Many members of the US government were convinced that the Viet Cong was wholly dependent on aid and control from Hanoi, despite intelligence analyses to the contrary. A programme of covert operations against North Vietnam was therefore put into action in February 1964, in an effort to put pressure on the North Vietnamese. However, these operations were unlikely to have any decisive effect, and on 17 March President Johnson ordered that detailed planning for more direct action was to be carried out. These plans included bombing raids against military and possibly also industrial targets in North Vietnam, to be carried out by the VNAF and by Farm Gate, the latter reinforced for this purpose by three squadrons of B 57s to be flown in from Japan. The plans were never carried out and it was not until a year later that the first USAF bombing of targets in North Vietnam took place.

But even if the plans had been implemented immediately, it would have made little difference to Farm Gate: time had finally caught up with their B 26s. The heavy underwing loads used by Farm Gate imposed high negative G forces on the wings when taxiing the aircraft on the bumpy airfields in Vietnam, and the structures were becoming increasingly fatigued. The fact that the aircraft were used as dive bombers did not help either, especially as the aircraft initially had no G meter to tell the crew how many Gs they were pulling. (G meters may have been fitted after 1962, however.) After a B 26 had lost a wing during a mission on 16 August 1963, strict limitations were imposed on the stressing allowed during missions. But when Captains Herman S. Moore and Lawrence L. Lively were killed in B 26B number 44 35665 on 11 February 1964, the decision was taken to withdraw the B 26 from combat altogether. Moore and Lively had been flying in a fire power demonstration at Eglin AFB range 52 when the left wing of their aircraft separated during pull out from a strafing run.

When news of this second accident reached Vietnam, one B 26 was airborne on a strike mission. The crew were given orders by radio to return immediately to Bien Hoa, making sure not to put any undue stress on the aircraft on their way back. From this day on, the Farm Gate B 26s were, for all practical purposes, grounded.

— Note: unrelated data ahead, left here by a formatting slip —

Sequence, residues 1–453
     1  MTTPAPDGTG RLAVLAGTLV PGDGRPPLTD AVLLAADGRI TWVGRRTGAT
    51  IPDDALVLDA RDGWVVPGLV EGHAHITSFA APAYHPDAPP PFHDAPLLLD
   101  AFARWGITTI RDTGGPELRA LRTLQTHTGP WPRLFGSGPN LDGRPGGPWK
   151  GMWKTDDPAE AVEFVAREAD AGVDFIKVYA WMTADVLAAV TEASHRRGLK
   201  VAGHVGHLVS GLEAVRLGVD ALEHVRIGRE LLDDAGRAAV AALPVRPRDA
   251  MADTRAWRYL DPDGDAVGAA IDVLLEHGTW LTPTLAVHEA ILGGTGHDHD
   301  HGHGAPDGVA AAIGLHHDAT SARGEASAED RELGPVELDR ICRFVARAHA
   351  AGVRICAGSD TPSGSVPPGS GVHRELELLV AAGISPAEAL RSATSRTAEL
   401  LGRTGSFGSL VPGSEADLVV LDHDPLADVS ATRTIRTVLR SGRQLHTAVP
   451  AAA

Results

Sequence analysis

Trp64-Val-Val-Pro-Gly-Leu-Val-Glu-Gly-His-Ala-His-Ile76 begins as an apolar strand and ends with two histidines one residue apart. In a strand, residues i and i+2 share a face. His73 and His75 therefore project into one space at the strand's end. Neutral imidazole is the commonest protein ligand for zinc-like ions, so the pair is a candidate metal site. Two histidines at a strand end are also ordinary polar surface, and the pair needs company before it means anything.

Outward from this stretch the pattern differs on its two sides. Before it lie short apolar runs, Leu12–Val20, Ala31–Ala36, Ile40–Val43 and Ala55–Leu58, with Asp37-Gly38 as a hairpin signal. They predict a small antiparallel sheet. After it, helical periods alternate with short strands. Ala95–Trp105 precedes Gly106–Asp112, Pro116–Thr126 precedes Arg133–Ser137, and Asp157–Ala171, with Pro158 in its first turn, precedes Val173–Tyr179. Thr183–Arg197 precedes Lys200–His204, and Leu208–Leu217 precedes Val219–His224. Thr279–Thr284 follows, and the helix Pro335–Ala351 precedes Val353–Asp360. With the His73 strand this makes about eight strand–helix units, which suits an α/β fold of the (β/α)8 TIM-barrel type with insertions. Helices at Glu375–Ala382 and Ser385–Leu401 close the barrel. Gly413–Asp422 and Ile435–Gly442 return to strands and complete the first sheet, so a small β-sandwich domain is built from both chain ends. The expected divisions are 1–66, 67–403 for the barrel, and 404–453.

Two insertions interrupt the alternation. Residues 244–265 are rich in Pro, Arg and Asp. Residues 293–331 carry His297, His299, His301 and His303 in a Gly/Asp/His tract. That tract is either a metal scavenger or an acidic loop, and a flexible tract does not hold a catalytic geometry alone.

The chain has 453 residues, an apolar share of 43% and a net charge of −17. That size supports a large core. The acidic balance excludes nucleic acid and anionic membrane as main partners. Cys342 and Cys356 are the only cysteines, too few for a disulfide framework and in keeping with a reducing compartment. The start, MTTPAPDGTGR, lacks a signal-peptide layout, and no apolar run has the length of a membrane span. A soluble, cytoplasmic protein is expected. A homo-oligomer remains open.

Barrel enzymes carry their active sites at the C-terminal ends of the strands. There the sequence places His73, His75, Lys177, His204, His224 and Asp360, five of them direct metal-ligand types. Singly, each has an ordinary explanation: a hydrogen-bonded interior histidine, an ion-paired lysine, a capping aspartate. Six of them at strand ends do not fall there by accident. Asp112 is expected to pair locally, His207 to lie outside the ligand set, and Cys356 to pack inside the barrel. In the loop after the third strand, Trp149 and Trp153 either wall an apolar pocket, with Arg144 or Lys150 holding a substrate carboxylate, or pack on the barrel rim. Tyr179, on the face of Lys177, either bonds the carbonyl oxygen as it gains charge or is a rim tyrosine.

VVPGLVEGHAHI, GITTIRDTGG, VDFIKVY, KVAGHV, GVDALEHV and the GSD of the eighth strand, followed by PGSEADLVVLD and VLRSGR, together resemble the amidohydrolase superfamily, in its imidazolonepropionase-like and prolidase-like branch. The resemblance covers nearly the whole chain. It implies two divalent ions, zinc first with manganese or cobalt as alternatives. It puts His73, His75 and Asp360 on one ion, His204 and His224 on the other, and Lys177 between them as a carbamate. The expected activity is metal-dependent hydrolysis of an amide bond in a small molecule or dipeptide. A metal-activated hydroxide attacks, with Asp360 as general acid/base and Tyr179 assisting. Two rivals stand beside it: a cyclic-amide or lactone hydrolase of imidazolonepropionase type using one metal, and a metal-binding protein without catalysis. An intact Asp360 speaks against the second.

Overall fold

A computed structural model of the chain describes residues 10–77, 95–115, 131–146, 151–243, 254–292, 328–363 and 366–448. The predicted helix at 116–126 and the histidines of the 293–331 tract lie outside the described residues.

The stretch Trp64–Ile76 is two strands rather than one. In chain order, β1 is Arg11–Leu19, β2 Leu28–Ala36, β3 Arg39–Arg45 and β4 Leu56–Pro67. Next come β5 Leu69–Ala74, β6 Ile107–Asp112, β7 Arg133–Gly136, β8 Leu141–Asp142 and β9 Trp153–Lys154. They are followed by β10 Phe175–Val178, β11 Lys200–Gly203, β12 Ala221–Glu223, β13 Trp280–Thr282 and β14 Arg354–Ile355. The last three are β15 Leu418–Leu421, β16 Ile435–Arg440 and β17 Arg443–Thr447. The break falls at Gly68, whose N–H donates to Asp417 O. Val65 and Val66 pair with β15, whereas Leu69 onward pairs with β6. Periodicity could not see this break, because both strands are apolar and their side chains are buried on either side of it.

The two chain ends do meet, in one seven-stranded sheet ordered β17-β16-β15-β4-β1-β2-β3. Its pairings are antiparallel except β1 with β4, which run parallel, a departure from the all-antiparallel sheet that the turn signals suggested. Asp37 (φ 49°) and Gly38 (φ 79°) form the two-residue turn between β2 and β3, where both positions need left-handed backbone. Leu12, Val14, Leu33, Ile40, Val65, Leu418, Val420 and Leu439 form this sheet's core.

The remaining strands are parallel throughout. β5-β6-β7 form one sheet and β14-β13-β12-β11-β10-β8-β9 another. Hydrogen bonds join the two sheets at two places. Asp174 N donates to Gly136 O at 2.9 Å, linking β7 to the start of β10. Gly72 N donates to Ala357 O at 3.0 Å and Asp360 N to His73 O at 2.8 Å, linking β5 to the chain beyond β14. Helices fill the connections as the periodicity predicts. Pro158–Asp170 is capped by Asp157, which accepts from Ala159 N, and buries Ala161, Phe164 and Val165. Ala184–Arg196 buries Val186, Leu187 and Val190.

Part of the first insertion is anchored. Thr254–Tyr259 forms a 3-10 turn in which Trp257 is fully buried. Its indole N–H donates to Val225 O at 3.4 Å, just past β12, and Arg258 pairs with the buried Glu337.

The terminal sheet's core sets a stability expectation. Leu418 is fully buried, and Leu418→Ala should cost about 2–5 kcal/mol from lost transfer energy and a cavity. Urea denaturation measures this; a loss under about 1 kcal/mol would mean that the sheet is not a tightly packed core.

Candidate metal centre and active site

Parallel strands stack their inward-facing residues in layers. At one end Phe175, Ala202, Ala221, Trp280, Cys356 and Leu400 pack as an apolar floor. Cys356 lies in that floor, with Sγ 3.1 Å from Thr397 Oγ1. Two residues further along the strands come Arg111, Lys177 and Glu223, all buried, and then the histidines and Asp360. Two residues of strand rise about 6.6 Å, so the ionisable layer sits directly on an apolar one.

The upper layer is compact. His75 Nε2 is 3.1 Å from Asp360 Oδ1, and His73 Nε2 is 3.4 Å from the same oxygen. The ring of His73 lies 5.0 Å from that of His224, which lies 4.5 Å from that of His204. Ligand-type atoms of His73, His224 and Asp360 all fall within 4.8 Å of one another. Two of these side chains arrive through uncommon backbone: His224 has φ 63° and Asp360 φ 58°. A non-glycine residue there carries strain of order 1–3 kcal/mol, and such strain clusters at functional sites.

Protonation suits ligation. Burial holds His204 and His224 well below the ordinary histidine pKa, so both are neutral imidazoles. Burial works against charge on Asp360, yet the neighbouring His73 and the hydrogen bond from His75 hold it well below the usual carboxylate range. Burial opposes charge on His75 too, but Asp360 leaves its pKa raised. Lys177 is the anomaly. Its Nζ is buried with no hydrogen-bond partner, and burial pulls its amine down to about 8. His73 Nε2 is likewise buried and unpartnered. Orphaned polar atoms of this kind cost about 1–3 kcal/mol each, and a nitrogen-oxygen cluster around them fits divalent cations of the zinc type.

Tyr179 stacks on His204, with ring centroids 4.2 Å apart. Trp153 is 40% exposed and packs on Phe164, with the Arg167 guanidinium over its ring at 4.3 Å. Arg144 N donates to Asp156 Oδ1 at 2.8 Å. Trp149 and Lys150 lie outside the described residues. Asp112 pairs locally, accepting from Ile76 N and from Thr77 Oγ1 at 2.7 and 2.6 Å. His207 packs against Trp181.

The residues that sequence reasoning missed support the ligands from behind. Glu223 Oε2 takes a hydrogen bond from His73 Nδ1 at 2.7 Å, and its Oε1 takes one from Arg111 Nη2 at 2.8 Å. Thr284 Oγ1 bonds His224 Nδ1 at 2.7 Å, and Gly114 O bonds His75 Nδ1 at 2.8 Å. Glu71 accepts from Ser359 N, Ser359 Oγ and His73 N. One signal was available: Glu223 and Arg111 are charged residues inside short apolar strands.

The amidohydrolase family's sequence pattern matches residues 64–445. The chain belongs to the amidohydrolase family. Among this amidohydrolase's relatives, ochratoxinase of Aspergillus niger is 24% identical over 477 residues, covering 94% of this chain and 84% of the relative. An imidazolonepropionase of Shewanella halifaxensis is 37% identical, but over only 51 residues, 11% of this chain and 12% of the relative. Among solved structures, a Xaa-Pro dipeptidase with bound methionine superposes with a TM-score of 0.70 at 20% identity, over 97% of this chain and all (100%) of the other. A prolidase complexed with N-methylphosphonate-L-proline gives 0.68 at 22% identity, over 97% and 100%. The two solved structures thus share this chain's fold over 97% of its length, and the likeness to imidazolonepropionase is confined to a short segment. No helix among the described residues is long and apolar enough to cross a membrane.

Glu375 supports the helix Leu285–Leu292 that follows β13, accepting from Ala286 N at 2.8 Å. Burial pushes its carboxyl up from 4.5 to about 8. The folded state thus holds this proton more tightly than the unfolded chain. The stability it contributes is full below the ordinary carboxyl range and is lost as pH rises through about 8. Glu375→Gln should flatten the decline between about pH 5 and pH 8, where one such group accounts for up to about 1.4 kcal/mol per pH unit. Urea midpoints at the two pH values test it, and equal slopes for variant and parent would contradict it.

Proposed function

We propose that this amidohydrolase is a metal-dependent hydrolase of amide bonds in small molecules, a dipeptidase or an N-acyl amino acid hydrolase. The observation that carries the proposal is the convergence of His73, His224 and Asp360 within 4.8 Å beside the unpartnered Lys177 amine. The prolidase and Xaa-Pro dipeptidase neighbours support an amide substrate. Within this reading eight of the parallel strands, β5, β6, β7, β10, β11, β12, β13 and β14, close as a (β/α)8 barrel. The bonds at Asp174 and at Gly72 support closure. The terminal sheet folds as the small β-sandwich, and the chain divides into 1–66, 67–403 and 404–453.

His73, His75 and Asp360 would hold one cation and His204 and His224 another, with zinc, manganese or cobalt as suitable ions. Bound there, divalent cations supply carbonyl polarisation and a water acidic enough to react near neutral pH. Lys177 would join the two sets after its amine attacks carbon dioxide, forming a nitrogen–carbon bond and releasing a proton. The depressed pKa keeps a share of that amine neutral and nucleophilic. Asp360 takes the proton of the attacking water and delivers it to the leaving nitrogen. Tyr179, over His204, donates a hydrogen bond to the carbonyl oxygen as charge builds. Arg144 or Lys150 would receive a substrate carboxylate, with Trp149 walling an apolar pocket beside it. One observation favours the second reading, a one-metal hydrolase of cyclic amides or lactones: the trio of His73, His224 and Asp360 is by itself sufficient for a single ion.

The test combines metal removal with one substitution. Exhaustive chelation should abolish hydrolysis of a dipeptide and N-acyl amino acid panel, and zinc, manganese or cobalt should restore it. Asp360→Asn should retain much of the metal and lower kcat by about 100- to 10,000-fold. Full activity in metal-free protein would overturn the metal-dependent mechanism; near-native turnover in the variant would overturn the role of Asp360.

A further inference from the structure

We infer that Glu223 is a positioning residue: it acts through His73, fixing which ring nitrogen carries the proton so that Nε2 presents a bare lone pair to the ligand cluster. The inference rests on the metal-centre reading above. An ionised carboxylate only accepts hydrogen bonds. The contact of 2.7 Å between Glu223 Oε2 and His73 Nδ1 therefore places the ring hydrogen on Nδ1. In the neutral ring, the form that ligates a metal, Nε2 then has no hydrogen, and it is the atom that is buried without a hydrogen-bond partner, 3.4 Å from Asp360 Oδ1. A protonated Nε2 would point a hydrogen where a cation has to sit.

The conversion of B-26Bs into B 26Ks had commenced in November 1963, with the intention of replacing the Farm Gate B 26s during the second half of 1964, but there was no way the old, unconverted B 26s could be kept in service until then. The remaining thirteen aircraft were flown to Clark Field during the first week of April, where they were officially taken on charge by the Super Sabre-equipped 405th Tactical Fighter Wing. Four of them were to become involved in the Congo operations, and two RB 26s made it back to the USA to be reclaimed at Hill AFB, but the majority were scrapped in the Philippines in late 1964 or early 1965.

The T 28s of Farm Gate had also started suffering losses from structural failures by the spring of 1964, and as a consequence they, too, were withdrawn, temporarily putting the unit 'out of business.' Beginning in May 1964, an initial twenty-five Skyraiders were received as replacements for the B 26s and T 28s, and this type became the standard equipment of all the Air Commando squadrons in Vietnam for the next few years.

The training squadron at Hurlburt Field, by now known as the 602nd Fighter Squadron (Composite) of the 1st Air Commando Wing, had also had their old B 26s grounded in February. By the end of April most had gone to Davis Monthan for temporary storage or directly to On Mark for conversion to B 26Ks, with the last stragglers leaving Hurlburt in late June. This left only three B 26Bs (44 34350, 34596 and 35428) in squadron hands, with the 605th Air Commando Squadron at Howard in the Panama Canal Zone, but on 12 October 1964 the last of these also arrived at Davis Monthan for storage. Thus ended the twenty years of first line service of the B 26B/C and the RB 26 with the US armed forces.

Although really outside the scope of this book, it may be appropriate to give some details of the few B 26s, other than On Mark conversions, remaining on USAF strength after this date. Five former Air Commando B 26Bs remained in storage at Davis Monthan until October 1969, when they were authorized for reclaimation, together with JB 26C serial 44 35627 used for testing at Detroit until July 1965, and B 26C N800W (44 35725) employed by the Weather Bureau until February 1965. The three VB 26Bs of the Air National Guard Headquarters at Andrews AFB were struck off charge on 19 November 1969 (44 34665), 10 December 1970 (44 34360) and 12 October 1972 (44 34610), respectively.

But these were all outlived by B 26B serial 44 35232 used as an instructional airframe by the Inter American Air Forces Academy at Albrook in the Canal Zone since the 1950s. Admittedly, the aircraft had not flown for many years by the time it was terminated as 'obsolete' on 17 June 1974, but it had been kept in flyable condition and was not re designated as a GB 26B (meaning 'permanently grounded') until November 1973. It did, in fact, even outlive the last A 26A on USAF charge by more than a year.